The Airbus A400M is a good buy. We can carry more load than the C-130Hs ever could and go places the (Boeing) C-17 (Globemaster III) cannot,” said General Affendi of the RMAF’s latest acquisitions. “Imagine how many stops the C-130H needed before getting to the Middle East. The A400M can fly straight to Dubai from here.”

The RMAF says its current strength of four A400M is sufficient to carry out foreseen missions
The RMAF had brought 80 media practitioners from all over the country to witness the capabilities of the force.  Performing Close Air Support displays were F/A-18D Hornets and Hawk 208s while a EC-725 Caracal helo inserted a PASKAU GFAC team to perform GLTD mission for the above aircraft before being extracted via SPIE-Rig method.

No matter the situation, the RMAF will fulfill its motto “Sentiasa Di Angkasaraya” and with a good leadership under the Chief, General Dato Sri Haji Affendi bin Buang RMAF, the RMAF will continue to be rejuvenated at 59.

Selamat menyambut Hari Ulangtahun Tentera Udara DiRaja Malaysia ke-59.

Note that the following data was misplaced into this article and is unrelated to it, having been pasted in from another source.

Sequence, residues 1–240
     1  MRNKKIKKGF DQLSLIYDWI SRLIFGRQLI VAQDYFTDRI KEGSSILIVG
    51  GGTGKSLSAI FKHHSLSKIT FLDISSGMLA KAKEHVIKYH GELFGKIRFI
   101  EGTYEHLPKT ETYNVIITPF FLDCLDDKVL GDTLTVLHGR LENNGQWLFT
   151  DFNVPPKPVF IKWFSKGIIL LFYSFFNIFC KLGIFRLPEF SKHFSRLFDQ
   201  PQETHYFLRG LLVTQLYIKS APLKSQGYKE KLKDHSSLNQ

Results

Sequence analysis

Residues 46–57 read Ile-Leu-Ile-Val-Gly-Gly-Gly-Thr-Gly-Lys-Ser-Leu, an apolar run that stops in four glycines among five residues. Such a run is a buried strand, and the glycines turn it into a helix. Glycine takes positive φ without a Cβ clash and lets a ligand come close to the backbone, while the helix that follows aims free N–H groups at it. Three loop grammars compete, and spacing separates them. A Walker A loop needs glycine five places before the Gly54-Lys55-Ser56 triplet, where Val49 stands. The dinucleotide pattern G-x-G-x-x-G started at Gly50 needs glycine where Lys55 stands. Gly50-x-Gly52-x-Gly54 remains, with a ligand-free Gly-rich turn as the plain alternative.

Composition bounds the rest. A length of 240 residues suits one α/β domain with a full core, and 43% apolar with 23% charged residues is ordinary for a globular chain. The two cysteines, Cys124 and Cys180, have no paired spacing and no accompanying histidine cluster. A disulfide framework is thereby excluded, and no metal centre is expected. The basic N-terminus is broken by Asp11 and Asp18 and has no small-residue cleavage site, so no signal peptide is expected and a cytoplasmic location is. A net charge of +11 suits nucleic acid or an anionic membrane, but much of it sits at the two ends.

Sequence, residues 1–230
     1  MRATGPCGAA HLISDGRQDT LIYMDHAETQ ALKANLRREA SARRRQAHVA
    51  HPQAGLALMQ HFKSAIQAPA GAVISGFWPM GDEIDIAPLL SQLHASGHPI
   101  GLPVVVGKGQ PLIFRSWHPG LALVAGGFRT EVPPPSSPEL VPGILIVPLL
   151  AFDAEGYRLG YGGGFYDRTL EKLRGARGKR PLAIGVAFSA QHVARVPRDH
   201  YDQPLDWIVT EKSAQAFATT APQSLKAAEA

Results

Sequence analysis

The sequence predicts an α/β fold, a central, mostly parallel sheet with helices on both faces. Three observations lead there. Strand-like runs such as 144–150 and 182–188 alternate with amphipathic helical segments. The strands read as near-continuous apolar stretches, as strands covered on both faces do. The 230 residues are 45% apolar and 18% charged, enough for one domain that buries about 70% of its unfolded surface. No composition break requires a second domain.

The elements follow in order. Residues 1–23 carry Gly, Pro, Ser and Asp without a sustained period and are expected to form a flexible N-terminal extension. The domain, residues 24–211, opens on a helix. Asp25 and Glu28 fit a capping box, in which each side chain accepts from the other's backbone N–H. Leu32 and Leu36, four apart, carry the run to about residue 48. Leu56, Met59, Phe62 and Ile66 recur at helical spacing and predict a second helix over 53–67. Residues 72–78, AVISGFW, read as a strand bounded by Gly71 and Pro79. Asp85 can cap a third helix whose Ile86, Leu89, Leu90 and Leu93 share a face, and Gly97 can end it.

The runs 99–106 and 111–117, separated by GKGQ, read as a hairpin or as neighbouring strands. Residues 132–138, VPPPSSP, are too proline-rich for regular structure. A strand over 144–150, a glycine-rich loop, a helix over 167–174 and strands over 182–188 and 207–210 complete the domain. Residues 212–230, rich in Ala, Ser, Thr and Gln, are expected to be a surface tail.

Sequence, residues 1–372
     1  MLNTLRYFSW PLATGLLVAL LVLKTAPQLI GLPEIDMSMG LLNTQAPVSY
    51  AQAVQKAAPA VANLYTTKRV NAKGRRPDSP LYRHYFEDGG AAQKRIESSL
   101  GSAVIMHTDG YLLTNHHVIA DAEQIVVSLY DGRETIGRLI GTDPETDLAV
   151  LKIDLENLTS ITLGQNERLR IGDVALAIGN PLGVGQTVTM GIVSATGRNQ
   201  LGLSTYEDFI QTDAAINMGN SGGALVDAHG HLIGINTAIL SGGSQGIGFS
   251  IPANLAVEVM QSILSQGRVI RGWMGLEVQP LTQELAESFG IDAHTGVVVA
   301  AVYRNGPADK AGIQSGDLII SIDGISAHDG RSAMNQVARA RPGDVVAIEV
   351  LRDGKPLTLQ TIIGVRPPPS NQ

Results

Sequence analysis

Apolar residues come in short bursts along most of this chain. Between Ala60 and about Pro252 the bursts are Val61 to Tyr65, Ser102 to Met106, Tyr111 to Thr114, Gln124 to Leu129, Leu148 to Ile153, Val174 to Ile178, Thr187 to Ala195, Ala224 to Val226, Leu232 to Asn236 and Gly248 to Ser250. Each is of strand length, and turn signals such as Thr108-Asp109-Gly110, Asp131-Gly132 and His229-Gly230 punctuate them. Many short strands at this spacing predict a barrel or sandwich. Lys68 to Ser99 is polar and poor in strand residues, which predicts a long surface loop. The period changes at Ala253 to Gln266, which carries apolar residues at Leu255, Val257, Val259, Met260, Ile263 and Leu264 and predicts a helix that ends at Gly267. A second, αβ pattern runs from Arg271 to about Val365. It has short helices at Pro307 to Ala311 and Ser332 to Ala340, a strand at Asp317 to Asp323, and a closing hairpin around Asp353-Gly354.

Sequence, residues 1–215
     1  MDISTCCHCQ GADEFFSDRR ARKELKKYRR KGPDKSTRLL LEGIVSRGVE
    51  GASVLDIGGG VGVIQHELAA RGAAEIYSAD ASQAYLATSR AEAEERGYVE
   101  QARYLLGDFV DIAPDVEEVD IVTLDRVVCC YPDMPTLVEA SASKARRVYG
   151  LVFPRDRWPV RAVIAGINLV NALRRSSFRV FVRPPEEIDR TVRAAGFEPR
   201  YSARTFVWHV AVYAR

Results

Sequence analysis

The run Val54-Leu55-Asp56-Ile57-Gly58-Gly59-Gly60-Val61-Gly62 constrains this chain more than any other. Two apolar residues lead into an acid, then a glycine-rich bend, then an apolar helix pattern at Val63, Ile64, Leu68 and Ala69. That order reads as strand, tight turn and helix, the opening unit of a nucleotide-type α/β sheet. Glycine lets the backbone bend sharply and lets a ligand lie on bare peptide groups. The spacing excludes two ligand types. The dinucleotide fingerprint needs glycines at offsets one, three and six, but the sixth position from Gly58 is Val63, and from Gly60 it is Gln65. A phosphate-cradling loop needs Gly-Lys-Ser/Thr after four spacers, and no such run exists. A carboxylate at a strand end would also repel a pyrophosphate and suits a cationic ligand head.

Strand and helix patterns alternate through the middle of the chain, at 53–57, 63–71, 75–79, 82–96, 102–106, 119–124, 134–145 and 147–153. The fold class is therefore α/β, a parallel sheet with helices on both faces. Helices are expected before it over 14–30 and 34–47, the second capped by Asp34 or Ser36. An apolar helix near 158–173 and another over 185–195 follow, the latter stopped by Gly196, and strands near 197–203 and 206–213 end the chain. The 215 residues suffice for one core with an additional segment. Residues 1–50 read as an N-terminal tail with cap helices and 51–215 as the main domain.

An F/A-18D Hornet makes an aggressive turn

An Eurocopter EC-725 Caracal positions itself to extract the PASKAU GFAC team

Three Hawk 208s orbit the airfield prior to landing

A PASKAU GFAC team is extracted using the SPIE-Rig method

Defence Should Not Be Politicized

Hardly a week prior to this posting, there was a medical evacuation flight for two civilian patients made by the Royal Malaysian Air Force from Tawau to Kota Kinabalu.  Fuel cost for the flight alone, made using one of the RMAF’s workhorses, the Sikorsky S-61A4 “Nuri” helicopter, would have cost around RM6,500.  That is for just that one flight, let alone keeping all our aircraft airborne-ready to protect our airspace from intruders.

You may call me bias, as I was once part of the Air Force, but the organization is extremely proud of its capabilities.  And recently, the decision by the Air Force to allow alternative media practitioners a “no-holds barred” open day session at the RMAF Base Kuantan proved successful in answering many of the peculiar questions about the nation’s defence spending.  I was honoured not only to have been invited along by the Minister of Defence, but also for being able to help clarify certain things based on my experience to other bloggers.

Two Mig-29N interceptors from No.17 Squadron initiating the “Forced Down” maneuvers